GDF Coast Guard prepped for oil spill management

─ with equipment from CDC

The Civil Defence Commission (CDC) on Wednesday handed over a quantity of gear to the Guyana Defence Force’s (GDF) Coast Guard to boost its capacity to manage any eventuality of an oil spill.  The simple presentation ceremony was hosted at the Coast Guard headquarters, Ruimveldt.

The equipment includes 24,000 feet of containment booms, biological and chemical dispersants, hot pressure washers and personal protective equipment (PPE).

Director General of the CDC, Lt. Col. Kester Craig (right) and Commanding Officer, Coast Guard, Lt. Col. Michael Shahoud.

Director General of the CDC, Lieutenant Colonel Kester Craig said the exploration, production, transportation, utilisation and storage of oil, gas and petroleum products in inland waters, land territory and the Exclusive Economic Zone (EEZ), increase the probability of spills that can affect Guyana’s land and marine ecosystems.

“It is within this context that the Government of Guyana, through various ministries, agencies, and departments, has been building a comprehensive oil spill response mechanism and capabilities to protect lives, the environment and our valuable resources from the threat of oil pollution.

Today’s event is another step in building the country’s response posture to ensure that resources are strategically positioned for quick and effective response in the event of a spill,” he said.

Director General of the CDC, Lt. Col Kester Craig and Commanding Officer, Coast Guard, Lt. Col Michael Shahoud with Coast Guard personnel

The Director General said Guyana is now a rapidly emerging oil producing nation, and while the revenues will transform the economy, there are numerous risks. Marine traffic, especially oil tankers, and cargo vessels in transit through the rivers and coastal waters pose the risk of major oil spills from collision, fire, explosion, and grounding. Pollution can also be caused by vessels pumping out their bilge or otherwise illegally discharging oil, he noted.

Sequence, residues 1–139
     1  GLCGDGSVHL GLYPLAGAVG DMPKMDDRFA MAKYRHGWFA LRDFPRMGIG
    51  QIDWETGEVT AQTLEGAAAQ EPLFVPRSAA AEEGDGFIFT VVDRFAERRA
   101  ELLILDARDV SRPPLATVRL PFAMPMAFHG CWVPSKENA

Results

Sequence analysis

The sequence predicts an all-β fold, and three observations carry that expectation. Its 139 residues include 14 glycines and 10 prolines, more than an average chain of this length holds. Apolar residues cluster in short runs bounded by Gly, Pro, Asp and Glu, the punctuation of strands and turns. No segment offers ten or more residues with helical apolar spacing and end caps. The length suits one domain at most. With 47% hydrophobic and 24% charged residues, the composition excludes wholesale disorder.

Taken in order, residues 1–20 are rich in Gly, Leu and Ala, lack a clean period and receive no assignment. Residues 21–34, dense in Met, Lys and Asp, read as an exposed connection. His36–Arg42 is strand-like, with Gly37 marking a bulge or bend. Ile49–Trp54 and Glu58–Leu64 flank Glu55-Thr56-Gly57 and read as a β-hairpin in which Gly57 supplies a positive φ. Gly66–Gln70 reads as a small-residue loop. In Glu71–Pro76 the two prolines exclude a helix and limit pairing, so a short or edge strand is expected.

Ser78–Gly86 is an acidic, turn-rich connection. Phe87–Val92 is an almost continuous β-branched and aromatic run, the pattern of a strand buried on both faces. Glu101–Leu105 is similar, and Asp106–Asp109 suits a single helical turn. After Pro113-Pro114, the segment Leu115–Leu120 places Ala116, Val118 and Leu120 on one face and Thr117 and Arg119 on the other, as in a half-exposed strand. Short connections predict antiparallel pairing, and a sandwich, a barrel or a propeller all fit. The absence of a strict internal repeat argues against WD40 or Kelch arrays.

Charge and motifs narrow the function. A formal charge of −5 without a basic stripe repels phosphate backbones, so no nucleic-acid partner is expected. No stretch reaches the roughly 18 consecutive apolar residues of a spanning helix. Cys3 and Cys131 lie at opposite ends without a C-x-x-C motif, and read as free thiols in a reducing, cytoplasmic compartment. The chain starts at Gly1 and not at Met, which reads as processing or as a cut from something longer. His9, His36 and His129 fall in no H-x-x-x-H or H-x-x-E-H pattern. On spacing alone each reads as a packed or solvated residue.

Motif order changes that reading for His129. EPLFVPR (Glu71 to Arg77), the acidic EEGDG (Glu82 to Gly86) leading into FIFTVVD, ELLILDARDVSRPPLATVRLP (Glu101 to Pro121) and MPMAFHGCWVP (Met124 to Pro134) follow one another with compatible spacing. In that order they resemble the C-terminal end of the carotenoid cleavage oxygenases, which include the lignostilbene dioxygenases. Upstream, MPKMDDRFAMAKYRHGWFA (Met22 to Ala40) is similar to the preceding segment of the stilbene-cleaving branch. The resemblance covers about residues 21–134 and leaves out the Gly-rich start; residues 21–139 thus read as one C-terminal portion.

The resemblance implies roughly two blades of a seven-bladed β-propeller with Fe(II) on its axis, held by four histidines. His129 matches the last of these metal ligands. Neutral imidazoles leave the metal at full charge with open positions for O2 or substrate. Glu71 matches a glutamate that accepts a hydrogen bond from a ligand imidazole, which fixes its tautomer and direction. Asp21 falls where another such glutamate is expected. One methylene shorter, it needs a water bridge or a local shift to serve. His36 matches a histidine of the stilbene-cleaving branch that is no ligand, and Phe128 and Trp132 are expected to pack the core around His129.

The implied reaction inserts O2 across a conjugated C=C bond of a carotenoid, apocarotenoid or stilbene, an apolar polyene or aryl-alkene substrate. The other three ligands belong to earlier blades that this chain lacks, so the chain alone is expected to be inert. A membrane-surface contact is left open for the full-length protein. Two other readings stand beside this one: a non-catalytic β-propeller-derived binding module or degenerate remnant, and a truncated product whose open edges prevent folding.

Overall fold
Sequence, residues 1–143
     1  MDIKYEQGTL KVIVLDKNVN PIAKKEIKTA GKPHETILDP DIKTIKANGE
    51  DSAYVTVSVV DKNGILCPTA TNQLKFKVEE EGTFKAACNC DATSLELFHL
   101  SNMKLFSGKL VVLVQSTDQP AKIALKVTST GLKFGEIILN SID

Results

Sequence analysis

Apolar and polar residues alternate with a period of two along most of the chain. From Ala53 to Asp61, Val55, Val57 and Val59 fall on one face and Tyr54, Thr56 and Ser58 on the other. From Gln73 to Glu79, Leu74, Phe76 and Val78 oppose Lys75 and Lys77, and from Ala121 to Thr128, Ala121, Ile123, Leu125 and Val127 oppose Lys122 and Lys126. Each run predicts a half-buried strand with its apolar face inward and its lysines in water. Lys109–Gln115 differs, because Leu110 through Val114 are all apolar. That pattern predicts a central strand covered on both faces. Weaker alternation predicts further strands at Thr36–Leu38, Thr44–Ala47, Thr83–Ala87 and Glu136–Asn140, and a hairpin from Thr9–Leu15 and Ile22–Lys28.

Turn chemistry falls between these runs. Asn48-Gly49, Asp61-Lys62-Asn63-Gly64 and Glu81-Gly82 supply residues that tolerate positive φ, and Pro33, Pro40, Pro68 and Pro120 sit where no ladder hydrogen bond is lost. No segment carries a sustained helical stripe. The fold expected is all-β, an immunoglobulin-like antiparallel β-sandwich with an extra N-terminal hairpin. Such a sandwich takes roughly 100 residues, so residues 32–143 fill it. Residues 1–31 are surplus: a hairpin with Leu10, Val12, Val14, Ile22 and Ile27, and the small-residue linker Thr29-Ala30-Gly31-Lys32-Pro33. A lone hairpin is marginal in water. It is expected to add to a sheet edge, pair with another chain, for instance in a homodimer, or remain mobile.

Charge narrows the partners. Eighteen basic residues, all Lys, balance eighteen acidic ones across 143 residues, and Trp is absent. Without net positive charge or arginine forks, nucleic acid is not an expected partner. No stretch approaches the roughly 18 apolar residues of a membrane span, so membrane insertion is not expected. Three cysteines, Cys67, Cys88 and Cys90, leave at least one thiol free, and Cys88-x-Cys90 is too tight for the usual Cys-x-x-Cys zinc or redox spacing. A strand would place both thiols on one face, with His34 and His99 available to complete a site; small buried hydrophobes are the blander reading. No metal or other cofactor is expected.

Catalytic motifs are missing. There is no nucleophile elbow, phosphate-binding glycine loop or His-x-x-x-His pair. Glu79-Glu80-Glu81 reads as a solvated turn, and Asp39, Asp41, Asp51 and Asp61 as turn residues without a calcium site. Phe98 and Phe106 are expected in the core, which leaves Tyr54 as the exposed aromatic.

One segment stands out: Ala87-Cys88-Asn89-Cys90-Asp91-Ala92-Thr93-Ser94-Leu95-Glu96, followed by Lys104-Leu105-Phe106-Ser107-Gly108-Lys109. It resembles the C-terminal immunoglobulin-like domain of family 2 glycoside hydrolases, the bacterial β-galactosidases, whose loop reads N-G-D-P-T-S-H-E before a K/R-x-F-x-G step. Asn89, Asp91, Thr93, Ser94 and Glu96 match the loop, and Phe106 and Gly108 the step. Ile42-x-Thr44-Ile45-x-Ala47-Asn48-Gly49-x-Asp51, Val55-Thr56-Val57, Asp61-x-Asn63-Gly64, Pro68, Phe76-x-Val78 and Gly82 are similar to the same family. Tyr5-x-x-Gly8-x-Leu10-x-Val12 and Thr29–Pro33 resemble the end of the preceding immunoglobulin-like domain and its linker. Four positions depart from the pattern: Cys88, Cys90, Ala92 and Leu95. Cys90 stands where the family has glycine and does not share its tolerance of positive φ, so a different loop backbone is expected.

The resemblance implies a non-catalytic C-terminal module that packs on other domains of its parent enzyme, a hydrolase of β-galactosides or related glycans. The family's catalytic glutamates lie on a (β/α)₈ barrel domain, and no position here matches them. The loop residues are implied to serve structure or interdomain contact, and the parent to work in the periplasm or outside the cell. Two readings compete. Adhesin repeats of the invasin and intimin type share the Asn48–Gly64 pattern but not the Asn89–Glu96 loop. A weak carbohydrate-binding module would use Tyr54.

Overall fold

“Pipelines, refineries, and oil handling facilities also pose a threat to both marine and inland environments. International data suggests that 80 per cent of marine oil spills occur within port or harbour areas. These spills are usually small in nature resulting from normal operations such as loading, unloading and bunkering of fuels,” Lt. Colonel Craig said.

Some of the gear the Civil Defence Commission handed over to the GDF Coast Guard to increase their oil spill response capacity.

The Coast Guard is a member of the National Oil Spill Committee and is tasked with the lead response in accordance with the National Oil Spill Contingency Plan. The Coast Guard specifically, is responsible for providing on-scene command and control management, operational response, deployment, and management of resources for containment, removal and disposal of oil waste, establishment of staging areas, provision of maritime security in operating areas and the conduct of search and rescue operations.

Coast Guard Commanding Officer, Lt. Col. Michael Shahoud said the capacity of his team is being built through the timely gesture.

Some of the gear the Civil Defence Commission handed over to the GDF Coast Guard to increase their oil spill response capacity.

“This donation couldn’t have come at a better time. It is a step for us. We will now have to build capacity. We will now have to undergo additional training to utilise this equipment and it puts us in a better position to address any instances [of an oil spill],” he said.

The Coast Guard will conduct a gap analysis and capability assessment to determine additional items needed to execute its functions.